technological advancement

This Will Change the World

© Can Stock Photo / martin33

The human tendency is to believe that present circumstances will continue. The gap between expectations and unfolding reality is where profit potential lives. Therefore understanding unanticipated change is one of the key tasks in our quest for investment gains.

Two related trends are about to unleash massive change and opportunity. If we can puzzle out some of the ramifications, it may serve us very well.

Solar power, being a technology, is declining in cost about ten percent per year. In some applications, it is already competitive with more conventional sources. As the cost continues to decline, we may surmise that solar power will represent an increasing fraction of world energy production—and the overall cost of electricity may begin to fall.

The second trend is the declining cost of energy storage. Bloomberg recently reported on the ribbon-cutting of a power-plant size array of batteries, in California, for meeting peaks in demand. The cost of the facility is twice that of a conventional natural gas peaking plant.

Although paying double does not seem to be an economic threat to the old way of doing things, Bloomberg reports that the cost of storage on that scale has dropped 90% in a decade. Again, energy storage is a technology, and the cost of technology tends to drop over time. We know how this works, right?

Connect the dots: we soon may have ever-cheaper energy available when we need it, courtesy of what we might call the Next Energy Revolution.

Economic history is largely a story of new sources of energy. Water power and steam power launched the modern era more than two centuries ago, with the Industrial Revolution. Petroleum in all its forms was central to the astonishing change and growth in the 20th century. What changes will the next revolution bring?

• Given lower costs for energy, will households consume more of it, or spend more money on other things?

• Will less developed areas of the world modernize more rapidly, powered by the sun?

• Does this hasten the rise of electric vehicles?

• Which companies or industries will be helped by cheaper energy? Which will suffer?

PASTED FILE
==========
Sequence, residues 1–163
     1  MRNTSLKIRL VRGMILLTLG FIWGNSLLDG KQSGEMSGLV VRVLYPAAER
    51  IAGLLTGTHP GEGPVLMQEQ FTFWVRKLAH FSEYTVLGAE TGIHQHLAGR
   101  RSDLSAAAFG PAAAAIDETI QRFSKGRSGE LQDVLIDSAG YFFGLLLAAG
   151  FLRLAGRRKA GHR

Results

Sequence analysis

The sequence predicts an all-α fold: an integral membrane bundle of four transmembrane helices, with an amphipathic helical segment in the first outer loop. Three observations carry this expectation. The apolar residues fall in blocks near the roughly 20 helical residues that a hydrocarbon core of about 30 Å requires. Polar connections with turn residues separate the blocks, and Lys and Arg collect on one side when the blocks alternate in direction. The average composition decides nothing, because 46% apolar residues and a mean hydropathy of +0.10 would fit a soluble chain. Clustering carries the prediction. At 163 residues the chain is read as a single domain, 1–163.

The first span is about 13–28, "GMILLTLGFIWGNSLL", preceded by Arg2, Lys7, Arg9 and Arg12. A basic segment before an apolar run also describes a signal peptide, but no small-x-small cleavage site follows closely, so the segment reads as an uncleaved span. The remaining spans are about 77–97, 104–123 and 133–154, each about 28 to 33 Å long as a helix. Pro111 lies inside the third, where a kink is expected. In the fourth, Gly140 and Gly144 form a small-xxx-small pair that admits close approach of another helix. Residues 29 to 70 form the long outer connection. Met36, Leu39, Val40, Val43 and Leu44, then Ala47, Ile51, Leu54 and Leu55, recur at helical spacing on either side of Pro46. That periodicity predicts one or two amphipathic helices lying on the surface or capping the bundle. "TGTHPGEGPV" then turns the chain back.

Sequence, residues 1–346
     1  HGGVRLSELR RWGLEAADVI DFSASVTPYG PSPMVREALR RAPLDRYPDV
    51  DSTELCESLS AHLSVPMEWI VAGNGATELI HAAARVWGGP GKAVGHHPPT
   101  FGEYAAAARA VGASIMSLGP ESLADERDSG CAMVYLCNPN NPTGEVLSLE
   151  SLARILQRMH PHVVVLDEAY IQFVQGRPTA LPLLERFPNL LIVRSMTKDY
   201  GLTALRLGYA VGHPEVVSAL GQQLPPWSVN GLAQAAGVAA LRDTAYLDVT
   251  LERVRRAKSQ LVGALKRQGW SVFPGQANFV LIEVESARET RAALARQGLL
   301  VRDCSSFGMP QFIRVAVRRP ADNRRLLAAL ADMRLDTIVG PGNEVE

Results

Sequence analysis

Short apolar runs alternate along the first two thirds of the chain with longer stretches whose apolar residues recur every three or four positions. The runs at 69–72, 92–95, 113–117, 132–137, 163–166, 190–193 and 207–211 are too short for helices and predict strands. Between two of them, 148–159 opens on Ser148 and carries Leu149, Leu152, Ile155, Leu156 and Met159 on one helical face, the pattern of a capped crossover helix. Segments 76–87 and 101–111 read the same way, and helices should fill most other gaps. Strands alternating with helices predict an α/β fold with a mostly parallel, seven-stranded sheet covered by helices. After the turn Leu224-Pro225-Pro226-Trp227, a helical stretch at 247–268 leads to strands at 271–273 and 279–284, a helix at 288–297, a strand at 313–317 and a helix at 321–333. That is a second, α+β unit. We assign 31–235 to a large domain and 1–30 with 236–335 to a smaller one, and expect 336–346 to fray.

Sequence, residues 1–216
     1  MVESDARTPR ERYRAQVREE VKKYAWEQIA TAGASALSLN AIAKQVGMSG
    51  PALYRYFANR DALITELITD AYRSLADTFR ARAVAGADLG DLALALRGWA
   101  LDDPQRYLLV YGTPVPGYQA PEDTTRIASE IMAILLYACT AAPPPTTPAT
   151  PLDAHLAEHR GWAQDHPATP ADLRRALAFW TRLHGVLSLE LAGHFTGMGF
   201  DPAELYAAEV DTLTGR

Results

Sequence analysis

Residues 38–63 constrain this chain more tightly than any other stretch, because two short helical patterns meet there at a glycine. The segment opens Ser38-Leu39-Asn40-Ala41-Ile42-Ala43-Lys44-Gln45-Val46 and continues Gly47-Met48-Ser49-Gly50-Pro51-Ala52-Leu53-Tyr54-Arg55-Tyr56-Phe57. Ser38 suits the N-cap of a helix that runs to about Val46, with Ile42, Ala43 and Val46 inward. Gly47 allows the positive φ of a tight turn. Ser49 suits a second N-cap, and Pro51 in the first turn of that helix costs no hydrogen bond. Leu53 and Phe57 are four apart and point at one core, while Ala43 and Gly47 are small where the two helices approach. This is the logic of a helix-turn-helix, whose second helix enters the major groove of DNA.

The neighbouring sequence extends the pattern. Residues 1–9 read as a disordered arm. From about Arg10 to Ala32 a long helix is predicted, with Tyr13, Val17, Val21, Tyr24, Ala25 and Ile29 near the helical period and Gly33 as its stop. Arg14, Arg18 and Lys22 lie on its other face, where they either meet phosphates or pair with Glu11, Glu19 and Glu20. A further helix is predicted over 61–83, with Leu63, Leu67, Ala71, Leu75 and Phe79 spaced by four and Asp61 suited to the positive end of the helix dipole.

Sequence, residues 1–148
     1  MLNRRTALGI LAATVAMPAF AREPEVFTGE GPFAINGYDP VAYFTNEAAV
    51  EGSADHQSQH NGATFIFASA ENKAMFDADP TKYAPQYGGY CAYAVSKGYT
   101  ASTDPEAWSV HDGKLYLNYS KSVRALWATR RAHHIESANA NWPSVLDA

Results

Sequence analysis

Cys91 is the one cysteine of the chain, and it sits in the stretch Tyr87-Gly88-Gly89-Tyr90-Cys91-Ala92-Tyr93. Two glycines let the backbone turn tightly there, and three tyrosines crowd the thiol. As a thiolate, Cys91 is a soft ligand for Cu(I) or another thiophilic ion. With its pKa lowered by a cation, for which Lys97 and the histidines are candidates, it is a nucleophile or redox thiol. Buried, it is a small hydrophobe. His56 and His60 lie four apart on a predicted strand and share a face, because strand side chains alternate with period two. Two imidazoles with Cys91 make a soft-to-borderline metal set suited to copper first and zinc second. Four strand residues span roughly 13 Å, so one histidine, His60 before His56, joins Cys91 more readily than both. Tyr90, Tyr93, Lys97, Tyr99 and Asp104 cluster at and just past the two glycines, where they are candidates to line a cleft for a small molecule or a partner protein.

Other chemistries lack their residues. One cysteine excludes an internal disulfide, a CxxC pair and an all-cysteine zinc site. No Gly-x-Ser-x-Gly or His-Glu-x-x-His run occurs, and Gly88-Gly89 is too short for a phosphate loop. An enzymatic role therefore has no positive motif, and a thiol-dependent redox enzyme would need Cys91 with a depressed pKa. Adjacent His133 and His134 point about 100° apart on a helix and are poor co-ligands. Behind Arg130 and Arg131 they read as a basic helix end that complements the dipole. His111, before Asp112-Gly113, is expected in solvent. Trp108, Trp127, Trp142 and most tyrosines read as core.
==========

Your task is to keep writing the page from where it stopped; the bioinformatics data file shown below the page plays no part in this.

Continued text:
• How much wealthier will the world be, as a consequence?

Change brings opportunities and threats. We have begun to identify winners and losers in the next energy revolution. Much more study and thought will be required. Please call or email us if you would like to discuss how this affects your situation.


The opinions voiced in this material are for general information only and are not intended to provide specific advice or recommendations for any individual. All performance referenced is historical and is no guarantee of future results.

What’s Next?

© Can Stock Photo Inc. / chungking

Fifty years ago, comic strip hero Dick Tracy’s famous 2-way wrist radio got upgraded to a 2-way wrist TV. Forty years ago, visionaries were talking about telephones that would fit in a shirt pocket. Instead of each home having a phone number, each person would have one. In between those dates, the country’s only telephone company introduced push-button “dialing” as an alternative to the rotary dial.

You all know the rest of the story. In many respects, what seemed like science fiction or fantasy in decades past has become a routine part of everyday modern life. The same is true in many aspects of our lives.

There are constants in life, of course. We each seek to make a difference, to be happy, to provide for ourselves and others, to smile and be smiled at, to connect with our fellow human beings. Many of our most fundamental impulses remain unchanged since the dawn of time.

So the conditions of our world are a mix of unchanging things like human nature and the sun rising in the East, and rapid change in other things. All the way back in 1970, futurist Alvin Toffler wrote about “Future Shock,” a perception of too much change in too short a period of time. If anything, the pace of change has accelerated since then.

In life, we suspect that being grounded in the enduring truths help equip us to adapt to change.

In the field of investing, we believe that understanding the unchanging aspects of human nature help us understand and deal with change. The ever-evolving landscapes of the economy, markets, companies, and technology produce constant and unpredictable changes. But no matter how different the world may seem, new changes will still produce reactions and over-reactions, fads and manias, and varying amounts of fear and greed.

We will admit it. We are entranced with the conflict between simple eternal principles and the endless complexity of the world. Making sense of it to help people in their real lives—that’s why we wake up and get to work every day. If you would like to talk to us about your situation, write or email us.